Milan - Italian oil and gas major Eni said on Thursday it had agreed to sell a 20 percent stake in its giant Mozambique gas field to China National Petroleum Corporation for $4.21 billion.
Eni said in a statement it would keep a 50 percent stake in the field, known as Area 4.
Last week, a source told Reuters CNPC, parent of Hong Kong and New York-listed PetroChina, was in talks to buy a 10 to 20 percent stake in the Mozambique field.
Eni has previously said it was looking for partners to help fund the estimated $50 billion it will take to bring the African country's offshore field to production.
Eni has said its offshore discovery in Mozambique is estimated to contain 75 trillion cubic feet of gas in place.
Eni intends to build liquefied natural gas terminals in Mozambique to ship the gas to energy-hungry markets in Asia.
China is most likely to be the main customer for the gas.
In the statement, Eni said it had also signed an agreement with CNPC to develop the Rongchang shale gas block in China.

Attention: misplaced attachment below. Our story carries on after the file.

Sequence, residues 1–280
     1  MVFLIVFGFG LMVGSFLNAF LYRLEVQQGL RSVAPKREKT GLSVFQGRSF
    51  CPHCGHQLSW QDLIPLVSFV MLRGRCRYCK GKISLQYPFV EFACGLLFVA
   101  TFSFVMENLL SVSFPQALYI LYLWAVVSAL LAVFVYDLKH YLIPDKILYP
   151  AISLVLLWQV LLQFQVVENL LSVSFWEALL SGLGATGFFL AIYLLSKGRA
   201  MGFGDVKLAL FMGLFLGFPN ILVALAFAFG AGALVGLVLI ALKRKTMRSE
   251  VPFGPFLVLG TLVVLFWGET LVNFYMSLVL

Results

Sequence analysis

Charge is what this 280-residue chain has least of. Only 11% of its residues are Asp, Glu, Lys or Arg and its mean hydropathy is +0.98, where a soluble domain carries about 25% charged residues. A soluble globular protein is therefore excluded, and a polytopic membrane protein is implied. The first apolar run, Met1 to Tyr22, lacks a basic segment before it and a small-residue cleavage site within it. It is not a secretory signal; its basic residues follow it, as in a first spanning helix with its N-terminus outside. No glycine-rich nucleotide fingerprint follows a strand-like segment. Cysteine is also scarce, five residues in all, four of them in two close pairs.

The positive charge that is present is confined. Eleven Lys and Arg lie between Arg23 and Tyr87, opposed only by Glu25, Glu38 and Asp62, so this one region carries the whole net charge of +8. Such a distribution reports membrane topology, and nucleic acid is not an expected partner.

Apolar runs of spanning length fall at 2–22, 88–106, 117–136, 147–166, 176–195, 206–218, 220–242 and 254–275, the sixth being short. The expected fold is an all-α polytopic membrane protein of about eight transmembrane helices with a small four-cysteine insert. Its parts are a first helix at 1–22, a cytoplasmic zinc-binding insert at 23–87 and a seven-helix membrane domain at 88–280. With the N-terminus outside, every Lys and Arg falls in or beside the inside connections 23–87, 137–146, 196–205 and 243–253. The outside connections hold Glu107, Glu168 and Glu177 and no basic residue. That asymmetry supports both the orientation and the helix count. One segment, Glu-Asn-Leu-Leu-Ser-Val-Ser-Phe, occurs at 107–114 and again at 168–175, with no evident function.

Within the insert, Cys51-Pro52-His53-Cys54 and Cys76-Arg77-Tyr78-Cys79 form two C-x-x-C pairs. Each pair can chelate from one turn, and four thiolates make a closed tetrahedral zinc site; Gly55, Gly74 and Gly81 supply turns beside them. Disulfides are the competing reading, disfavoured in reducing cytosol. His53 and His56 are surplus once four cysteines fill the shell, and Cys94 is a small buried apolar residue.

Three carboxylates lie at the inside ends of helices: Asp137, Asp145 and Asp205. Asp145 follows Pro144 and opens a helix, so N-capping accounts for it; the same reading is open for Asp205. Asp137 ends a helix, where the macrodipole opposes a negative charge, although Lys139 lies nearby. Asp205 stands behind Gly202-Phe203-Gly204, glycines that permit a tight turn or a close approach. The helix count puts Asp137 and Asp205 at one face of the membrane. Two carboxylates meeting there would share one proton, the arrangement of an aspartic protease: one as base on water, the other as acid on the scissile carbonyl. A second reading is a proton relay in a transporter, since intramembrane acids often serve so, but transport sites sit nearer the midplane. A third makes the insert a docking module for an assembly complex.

On Wednesday, Eni SpA said had been approached by potential buyers for part of its 70 percent share in a Mozambique gas project that is the biggest discovery in the Italian company’s history, an official from the producer said.
“With the share we have at the moment, it’s within our discretion to carry on as we are, or to farm down” and sell a stake, Steve Ratcliffe, Eni’s senior vice president for liquefied natural gas, said today at a conference in Maputo.
Eni has discovered about 75 trillion cubic feet of gas at Area 4.
The country may have 250 trillion cubic feet of reserves, according to Empresa Nacional de Hidrocarbonetos, Mozambique’s state-backed energy company.
ENH, Galp Energia SGPS and Korea Gas Corp. each own 10 percent of Area 4.
Eni doesn’t have any specific requirements for a potential partner in the project, Ratcliffe said.
Any deal would need to have the right pricing and strategic value for the Rome-based oil company, he said.
“Within the partnership you have to have the execution capability and the financial capability to do the investments,” he said. “I believe we have the financial capability so that’s not the main driver for us.”
Mozambique’s offshore fields may hold enough gas to meet world consumption for more than two years, according to the national oil company.
Eni and Anadarko Petroleum Corp., the two companies leading exploration in Mozambique, agreed last year to build the world’s second-largest LNG export plant to start sending fuel abroad in 2018. - Reuters and Bloomberg